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Also known as
Japanese privet, broadleaf privet
What does it look like?
A small to large evergreen tree that can grow up to 15m high, but can also be a dense shrub less than 10m. Can have distinctive warty lumps on stems. Dark green oval leaves (5-13 x 3-6 cm) glossy on upper surface, with pointed tips and smooth edges. Arranged in opposite pairs on the stems.
Produces long panicles or clusters of tiny cream-coloured, strongly scented flowers, from November to March, followed by bluish or purplish-black berry-like fruit (6 x 5 mm), coated with a powdery ‘bloom’.
Why is it a problem?
Fast-growing and very long lived (100+ years), with prolific, widely dispersed seed. Seedlings tolerant of both sun and shade means that it can invade both marginal land and intact forest. It replaces mid canopy trees (grows to the same height as species such as taraire, towai, pohutukawa) and completely dominates areas of forest if unhindered, forming very dense, tall stands. Leaves & fruit poisonous, pollen and perfume contributes to allergies and asthma.
Wide environmental tolerance; very tolerant of shade, frost, damage, grazing, all well-drained soil types, high to moderate temperatures, damp or drought conditions, salt and wind.
Threatens coastal and lowland forest types (intact and disturbed), shrublands, fernland, cliffs, and coastlines.
How does it spread?
Seed dispersed by birds, over long distances by Kereru. Vegetation dumping and soil movement also spreads seeds.
How much of it do we have on the Whangarei Heads Peninsula?
The core of the infestation at Solomon’s point and further north. South and east of this the infestations begin to reduce in frequency and density, to a point where there are only scattered individual trees and saplings, which occur less and less frequently.
What can we DO about it at Whangarei Heads?
Heaps! Privet is easy to kill with metsulfuron and if we approach it as a community, seeking out and removing the outliers and pushing back the boundaries of the worst infestations we can protect the rest of the peninsula from becoming what will otherwise be privet forest.
It is easiest to spot in peak flowering Jan-March so get in touch to get some advice and equipment to be ready and on the look out this summer.
Check out the control methods below:
How do I control it?
- Pull or dig seedlings. Leave on site with roots in the air to die and rot down, or mulch.
- Cut stump application: Cut at ground level and immediately treat stump with (5g metsulfuron/1L water). Metsulfuron works best, however (200ml Tordon Brushkiller®/1L water) or undiluted glyphosate can also be used (extra care is required when working with undiluted herbicides). Picloram gel can also be used, but is also less effective, especially for large trees). Cut stems can be left on site to rot down, or mulched.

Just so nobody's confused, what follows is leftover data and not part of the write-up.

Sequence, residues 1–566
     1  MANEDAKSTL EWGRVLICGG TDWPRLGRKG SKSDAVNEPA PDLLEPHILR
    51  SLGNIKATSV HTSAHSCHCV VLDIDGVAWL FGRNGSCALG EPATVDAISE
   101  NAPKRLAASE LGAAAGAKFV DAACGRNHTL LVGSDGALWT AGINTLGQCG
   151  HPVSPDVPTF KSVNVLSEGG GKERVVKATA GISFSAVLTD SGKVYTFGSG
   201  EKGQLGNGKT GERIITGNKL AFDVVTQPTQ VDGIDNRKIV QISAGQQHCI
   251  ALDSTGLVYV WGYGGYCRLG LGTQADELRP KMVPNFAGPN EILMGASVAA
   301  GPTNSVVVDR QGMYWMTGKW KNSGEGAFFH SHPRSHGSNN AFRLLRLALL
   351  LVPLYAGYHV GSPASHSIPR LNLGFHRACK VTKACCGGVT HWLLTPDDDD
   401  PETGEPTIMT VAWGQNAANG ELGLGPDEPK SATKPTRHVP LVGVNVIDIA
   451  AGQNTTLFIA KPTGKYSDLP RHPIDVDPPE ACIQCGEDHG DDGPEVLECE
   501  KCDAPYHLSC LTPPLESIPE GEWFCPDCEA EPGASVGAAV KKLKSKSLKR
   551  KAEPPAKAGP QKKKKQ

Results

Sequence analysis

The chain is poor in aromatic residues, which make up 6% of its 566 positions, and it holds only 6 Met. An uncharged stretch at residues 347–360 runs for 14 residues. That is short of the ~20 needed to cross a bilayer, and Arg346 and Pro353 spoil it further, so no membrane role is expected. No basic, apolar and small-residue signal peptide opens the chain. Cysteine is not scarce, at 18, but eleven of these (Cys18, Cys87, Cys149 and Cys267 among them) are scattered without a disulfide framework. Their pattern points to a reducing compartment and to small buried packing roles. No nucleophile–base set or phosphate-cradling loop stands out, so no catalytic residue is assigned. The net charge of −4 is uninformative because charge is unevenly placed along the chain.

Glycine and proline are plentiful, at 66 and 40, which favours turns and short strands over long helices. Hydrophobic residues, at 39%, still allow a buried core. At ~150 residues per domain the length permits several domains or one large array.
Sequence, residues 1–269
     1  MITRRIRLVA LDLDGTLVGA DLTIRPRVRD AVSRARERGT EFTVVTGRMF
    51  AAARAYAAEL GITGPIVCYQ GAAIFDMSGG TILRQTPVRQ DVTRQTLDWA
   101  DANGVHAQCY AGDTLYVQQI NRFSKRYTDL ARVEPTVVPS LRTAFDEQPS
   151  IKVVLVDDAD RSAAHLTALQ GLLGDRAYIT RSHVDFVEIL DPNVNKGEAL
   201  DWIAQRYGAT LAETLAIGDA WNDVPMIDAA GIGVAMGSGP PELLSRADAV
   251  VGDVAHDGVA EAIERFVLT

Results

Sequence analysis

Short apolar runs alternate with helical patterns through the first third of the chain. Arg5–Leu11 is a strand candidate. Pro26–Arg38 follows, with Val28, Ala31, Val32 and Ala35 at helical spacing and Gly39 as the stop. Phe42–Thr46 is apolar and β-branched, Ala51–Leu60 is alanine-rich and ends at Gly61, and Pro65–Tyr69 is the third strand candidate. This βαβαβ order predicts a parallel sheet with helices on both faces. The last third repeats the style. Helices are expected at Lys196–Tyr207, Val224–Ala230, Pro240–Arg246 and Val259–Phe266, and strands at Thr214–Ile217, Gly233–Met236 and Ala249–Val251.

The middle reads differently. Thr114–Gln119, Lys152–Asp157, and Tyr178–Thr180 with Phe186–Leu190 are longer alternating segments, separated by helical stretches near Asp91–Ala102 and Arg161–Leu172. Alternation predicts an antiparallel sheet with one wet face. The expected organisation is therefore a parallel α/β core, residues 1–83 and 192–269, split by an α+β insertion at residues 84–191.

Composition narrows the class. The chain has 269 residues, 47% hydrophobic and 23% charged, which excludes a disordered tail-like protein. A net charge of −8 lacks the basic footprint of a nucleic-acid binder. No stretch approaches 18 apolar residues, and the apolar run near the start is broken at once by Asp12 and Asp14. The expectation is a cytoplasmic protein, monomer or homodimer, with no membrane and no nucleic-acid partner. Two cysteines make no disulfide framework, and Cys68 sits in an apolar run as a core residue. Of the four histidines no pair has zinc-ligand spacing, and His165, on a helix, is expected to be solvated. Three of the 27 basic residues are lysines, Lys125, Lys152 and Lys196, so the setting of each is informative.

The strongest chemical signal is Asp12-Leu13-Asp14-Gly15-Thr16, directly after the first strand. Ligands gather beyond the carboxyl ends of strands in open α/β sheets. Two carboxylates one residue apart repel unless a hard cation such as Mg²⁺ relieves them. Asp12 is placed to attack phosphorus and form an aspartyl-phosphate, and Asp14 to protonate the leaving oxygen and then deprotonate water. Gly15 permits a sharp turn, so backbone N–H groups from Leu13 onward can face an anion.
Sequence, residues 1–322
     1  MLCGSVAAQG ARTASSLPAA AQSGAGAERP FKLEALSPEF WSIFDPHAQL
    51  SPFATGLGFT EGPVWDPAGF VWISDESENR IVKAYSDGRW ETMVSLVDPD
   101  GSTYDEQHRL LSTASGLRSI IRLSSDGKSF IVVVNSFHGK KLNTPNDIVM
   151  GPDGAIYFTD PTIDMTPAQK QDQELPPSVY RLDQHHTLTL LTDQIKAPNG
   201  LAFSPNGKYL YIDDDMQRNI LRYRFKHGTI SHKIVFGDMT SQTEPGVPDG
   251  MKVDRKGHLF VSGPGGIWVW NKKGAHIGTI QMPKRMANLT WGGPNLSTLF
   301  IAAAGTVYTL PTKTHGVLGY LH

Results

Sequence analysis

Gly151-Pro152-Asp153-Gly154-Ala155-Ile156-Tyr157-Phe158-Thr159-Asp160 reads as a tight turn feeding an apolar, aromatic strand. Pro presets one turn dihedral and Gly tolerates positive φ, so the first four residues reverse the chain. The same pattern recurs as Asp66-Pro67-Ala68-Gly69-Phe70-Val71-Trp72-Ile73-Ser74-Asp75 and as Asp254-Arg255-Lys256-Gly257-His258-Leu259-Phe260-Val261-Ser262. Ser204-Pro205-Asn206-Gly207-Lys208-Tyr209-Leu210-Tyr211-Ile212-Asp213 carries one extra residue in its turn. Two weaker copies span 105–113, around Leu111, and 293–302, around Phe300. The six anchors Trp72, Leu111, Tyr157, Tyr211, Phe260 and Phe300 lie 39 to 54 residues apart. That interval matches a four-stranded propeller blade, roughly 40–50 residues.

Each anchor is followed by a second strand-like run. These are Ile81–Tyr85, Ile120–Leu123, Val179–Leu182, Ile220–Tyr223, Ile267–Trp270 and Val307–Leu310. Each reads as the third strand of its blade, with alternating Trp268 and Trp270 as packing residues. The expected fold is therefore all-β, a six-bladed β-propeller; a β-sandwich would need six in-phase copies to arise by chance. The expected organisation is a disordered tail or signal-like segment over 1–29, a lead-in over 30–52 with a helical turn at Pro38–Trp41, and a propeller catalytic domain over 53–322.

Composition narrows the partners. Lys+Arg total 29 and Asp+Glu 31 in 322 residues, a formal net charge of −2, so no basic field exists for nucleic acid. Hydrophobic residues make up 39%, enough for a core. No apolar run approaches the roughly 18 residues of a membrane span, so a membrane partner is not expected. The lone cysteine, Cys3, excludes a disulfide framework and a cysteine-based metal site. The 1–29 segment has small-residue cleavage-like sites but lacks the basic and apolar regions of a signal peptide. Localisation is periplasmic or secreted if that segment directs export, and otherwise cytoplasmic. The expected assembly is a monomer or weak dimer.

- Frill and fill: Make deep downward cuts into the sapwood around the base of the tree, taking care not to ring bark the plant, and immediately saturate the cuts with (20g metsulfuron/1L water) to the point of runoff. Wait until the liquid subsides/absorbs and then apply again. Metsulfuron works best, however undiluted glyphosate or undiluted Tordon Brushkiller® can also be used, but extra care is required when working with undiluted herbicides. Picloram gel can also be used (less effective, especially for larger plants).
- Drill & fill: Drill (c.12mm drill bit) sloping holes into the sapwood at 10cm intervals around the base trunk, & immediately fill each hole with (20g metsulfuron/1 litre water). Metsulfuron works best, however undiluted glyphosate, or undiluted Tordon Brushkiller® can also be used but extra care is required when working with undiluted herbicide.
- Spray, best in spring & autumn, with (5g metsulfuron+10ml penetrant/10L water), or (100mls glyphosate/10 litres water).
Ensure correct identification. Easy to kill with metsulfuron. Follow up 6-monthly. Easiest to spot during spring flowering. Don’t replant until seedling regrowth ceases, as privet will grow through groundcover. If removing large adult trees and opening up an area to light, be prepared to treat the resulting seedlings that will germinate to prevent creating a thicket of saplings which are more labour intensive to control.
CAUTION: when using any herbicide or pesticide PLEASE READ THE LABEL THOROUGHLY to ensure that all instructions and safety requirements are followed.
Click here for more information on the herbicides referenced in the control methods, or here for more information on the suggested techniques.
Photos of Tree Privet